3. Again, no sidetrack, Stalin wants to be the first in Berlin for propoganda reasons.

4. Invading a neutral country would certenly piss his western allies, in that time he actually try to be in good relationship with them, invading Sweden wasn't pary of the plan made between him and his allies to split the Nazi empire.

Man of Stoat
07-05-2006, 01:07 PM
I'm not sure I've ever seen anything which suggests that the Swiss ever supplied ammunition to the Germans, although I would be delighted to be corrected.

Dani
07-05-2006, 01:20 PM
I'm not sure I've ever seen anything which suggests that the Swiss ever supplied ammunition to the Germans, although I would be delighted to be corrected.

Not quite supplying ammunition but Tony Williams wrote:



Solothurn in Switzerland, which carried out much interwar development work for Rheinmetall-Borsig of Germany, introduced the self-loading S18-100 series (the numbers of the variants went up to S18-500) in a unique 20 x 105B calibre. This round was later used to develop an aircraft cannon, the Lb 204, although by the time this was adopted for use in German naval aircraft as the MG 204 the case design had been changed slightly to a rimless 20 x 105. The S18-100 series was quite widely used and the rounds are not too difficult to find.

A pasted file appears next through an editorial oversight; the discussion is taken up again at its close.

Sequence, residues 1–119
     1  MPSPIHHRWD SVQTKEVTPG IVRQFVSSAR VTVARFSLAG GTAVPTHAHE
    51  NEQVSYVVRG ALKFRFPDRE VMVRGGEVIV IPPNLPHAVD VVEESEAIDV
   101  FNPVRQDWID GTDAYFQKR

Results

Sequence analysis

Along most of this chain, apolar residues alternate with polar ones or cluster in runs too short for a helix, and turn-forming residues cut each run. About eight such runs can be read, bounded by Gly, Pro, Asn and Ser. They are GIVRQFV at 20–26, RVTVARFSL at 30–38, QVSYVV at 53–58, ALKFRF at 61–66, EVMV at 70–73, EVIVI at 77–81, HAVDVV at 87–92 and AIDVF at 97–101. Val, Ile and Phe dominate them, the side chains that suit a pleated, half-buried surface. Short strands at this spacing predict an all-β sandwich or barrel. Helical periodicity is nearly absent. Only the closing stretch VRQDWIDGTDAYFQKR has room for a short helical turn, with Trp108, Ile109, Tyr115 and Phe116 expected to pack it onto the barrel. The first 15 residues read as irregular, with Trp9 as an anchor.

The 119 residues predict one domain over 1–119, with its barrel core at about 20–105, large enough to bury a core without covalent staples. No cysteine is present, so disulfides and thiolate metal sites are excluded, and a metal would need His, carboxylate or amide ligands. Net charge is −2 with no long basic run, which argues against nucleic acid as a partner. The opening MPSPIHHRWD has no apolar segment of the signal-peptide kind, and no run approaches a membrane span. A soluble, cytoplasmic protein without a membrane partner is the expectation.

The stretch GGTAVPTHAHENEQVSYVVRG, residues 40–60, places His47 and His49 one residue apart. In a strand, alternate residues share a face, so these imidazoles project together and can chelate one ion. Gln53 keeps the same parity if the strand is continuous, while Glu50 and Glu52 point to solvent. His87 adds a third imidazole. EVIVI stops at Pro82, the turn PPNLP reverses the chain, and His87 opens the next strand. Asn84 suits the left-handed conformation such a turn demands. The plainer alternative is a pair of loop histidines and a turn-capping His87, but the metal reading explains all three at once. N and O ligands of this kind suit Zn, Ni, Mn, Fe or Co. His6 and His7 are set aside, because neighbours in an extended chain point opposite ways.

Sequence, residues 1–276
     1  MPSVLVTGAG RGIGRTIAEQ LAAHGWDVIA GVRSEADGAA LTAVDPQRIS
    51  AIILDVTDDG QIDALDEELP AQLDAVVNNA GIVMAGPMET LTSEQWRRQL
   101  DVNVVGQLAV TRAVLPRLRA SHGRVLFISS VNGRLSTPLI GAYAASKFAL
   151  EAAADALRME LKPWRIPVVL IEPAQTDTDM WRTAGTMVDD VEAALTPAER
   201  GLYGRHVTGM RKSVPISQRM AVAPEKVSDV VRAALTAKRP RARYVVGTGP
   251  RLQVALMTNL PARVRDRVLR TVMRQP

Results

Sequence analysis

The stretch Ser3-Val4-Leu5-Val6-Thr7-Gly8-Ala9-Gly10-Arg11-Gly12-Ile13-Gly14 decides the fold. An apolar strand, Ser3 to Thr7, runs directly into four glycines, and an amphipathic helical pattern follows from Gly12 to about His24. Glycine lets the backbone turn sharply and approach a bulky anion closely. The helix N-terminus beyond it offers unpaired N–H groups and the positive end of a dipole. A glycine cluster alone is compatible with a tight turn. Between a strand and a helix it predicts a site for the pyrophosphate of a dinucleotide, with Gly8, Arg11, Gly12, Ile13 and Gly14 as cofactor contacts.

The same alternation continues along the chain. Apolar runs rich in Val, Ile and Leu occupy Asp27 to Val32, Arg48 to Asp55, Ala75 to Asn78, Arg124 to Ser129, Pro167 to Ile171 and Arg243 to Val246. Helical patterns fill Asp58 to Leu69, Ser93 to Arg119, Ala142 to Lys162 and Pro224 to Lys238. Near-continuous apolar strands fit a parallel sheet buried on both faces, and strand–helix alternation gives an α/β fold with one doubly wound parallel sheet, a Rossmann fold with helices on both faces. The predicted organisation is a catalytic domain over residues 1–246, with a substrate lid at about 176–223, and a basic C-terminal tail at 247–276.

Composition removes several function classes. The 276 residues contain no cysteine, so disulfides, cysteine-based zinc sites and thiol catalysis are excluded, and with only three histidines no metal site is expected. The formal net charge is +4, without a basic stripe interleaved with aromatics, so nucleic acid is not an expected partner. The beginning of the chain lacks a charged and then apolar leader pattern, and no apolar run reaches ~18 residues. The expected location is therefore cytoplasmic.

One cartridge was used by two different ATRs. This was the 20 x 138B 'Long Solothurn' originally designed for a range of Swiss / German developed automatic cannon which saw service in WW2 as the FlaK and KwK 30/38 and the MG C/30L. As a result, the cartridge is the easiest to find of the big ATR rounds. The ATRs in this calibre were the Swiss Solothurn S18-1000/1100 and the Finnish Lahti L/39. The self-loading S18-1000 was a scaled-up version of the earlier S18-100 series. The S18-1100 was similar but automatic in operation; this facility being probably intended for AA use on a special mounting

http://www.quarry.nildram.co.uk/ATRart.htm

I didn't search for other references as long as I'm waiting Tony to explain.;)

SS Tiger
07-05-2006, 01:20 PM
Swiss also had just about every bit of infrastructure in the mountains rigged to be demolished should anyone invade. The Swiss military strategy was to retreat and dig in in the mountains. They had and still have many forts/bunkers in the mountains for this purpose. This may have made Hitler more reluctant to take her.